Rodrigo Duterte, the president of the Philippines, has rejected a rumored offer from Islamic militants to release a Catholic priest and other captives in exchange for safe passage out of the conflict-ridden city of Marawi.
The 72-year-old Duterte told media last Saturday that he would not accept an offer from Islamic jihadis to release Marawi Vicar-General Father Teresito "Chito" Soganub and dozens of other hostages in exchange for allowing the militants to flee the city, which was besieged by Islamic State-affiliated extremists from the Maute and Abu Sayyaf outfits in late May.
According to Reuters, a rumor has swirled that the leader of the Maute group, Omarkhayam Maute, had proposed such an offer. When asked about the offer while speaking with reporters, the president simply stated, "No way."
The Philippine military estimates that there are about 20 to 30 hostages now being held by the militants.
It was initially reported that there were over 200 hostages being held by militants in Marawi, some of whom were forced to take up arms against military troops, become sex slaves and loot homes. However, some hostages have been killed, while others have been rescued or escaped.
"If I can save one life there, I am willing to wait one year [to retake the city]," Duterte was quoted as saying after visiting with wounded soldiers.
Duterte's comments come as security forces have battled for over three months to retake the city from the Islamic extremists. According to ucanews.com, a website that reports on Asian-Catholic news, at least 100 Filipino troops and a total of 800 people have died since the Islamic radicals besieged the town.
The website reports that there are still about 50 jihadis battling security forces inside the city.
Although security forces are working toward defeating the last remaining jihadis in Marawi, Duterte said last weekend that he expects conflict and terror to continue throughout the island of Mindanao.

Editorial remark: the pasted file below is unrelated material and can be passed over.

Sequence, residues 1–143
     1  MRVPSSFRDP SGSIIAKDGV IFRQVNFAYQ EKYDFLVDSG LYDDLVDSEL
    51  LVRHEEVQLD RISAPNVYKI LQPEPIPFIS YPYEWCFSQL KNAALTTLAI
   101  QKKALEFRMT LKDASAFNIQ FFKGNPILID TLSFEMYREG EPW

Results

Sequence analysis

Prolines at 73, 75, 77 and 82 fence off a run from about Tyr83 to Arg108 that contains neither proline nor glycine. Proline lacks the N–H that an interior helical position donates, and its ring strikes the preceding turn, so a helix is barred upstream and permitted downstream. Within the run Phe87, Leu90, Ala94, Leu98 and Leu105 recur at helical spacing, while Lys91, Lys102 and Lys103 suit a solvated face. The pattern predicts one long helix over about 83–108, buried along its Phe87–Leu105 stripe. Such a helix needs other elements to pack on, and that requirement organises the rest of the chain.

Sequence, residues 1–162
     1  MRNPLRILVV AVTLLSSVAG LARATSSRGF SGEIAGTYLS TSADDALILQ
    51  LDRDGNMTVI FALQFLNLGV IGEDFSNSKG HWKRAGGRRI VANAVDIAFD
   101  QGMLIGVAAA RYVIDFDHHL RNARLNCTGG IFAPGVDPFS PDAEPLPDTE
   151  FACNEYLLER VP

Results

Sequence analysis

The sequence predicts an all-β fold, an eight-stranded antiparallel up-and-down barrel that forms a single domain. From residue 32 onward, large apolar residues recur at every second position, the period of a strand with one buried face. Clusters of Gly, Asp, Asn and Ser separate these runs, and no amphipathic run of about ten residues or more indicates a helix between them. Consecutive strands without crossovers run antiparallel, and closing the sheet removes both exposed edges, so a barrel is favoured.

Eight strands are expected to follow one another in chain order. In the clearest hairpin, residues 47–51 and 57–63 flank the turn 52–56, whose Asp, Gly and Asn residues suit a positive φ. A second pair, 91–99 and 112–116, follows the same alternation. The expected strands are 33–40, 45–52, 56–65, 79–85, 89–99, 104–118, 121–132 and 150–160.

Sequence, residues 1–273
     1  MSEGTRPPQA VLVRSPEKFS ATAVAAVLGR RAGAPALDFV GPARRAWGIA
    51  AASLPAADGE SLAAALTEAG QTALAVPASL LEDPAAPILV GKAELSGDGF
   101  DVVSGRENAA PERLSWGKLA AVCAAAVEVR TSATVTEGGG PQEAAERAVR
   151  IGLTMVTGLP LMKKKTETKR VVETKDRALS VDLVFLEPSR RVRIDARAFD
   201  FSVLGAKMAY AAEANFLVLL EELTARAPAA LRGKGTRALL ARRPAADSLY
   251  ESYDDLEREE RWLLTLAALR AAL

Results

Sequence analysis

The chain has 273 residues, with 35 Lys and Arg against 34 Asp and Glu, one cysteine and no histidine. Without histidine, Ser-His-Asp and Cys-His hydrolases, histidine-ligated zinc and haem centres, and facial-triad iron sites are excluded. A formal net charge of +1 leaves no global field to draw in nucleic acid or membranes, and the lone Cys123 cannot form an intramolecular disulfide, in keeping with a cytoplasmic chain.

"There will be no peace in Mindanao for a long time," the president said at an island-wide business conference on Saturday. "What is happening in Marawi seems to have stretched the trouble farther than we expected."
According to ucanews.com, over a half million residents have been displaced.
A Filipino military official announced Monday that some militants in Marawi have hinted that they might soon surrender.
"Hopefully, we will have surrenders within the next days," Colonel Romeo Brawner said during a Monday news conference.
On Monday, the United States government announced that it will increase its support for counterterror efforts in the island of Mindanao.
"The United States deployed the Gray Eagle Unmanned Aircraft Systems (UAS) to Mindanao for additional surveillance in support of the Armed Forces of the Philippines (AFP) counterterrorism efforts," a news release from the U.S. Embassy in Manila states.
"Compared to current surveillance platforms used in the region, the Gray Eagle has a longer flight duration which will enable a larger area of reconnaissance and surveillance."
Over the past three years, the U.S. has provided over $294 million worth of assistance to the Philippines to help improve the military's command, control, intelligence, technology and reconnaissance capabilities.
"Recent deliveries include a Raven tactical UAS and two Cessna-208B surveillance aircraft, as well as various munitions and weapons to support urgent defense and counterterrorism needs," the news release states.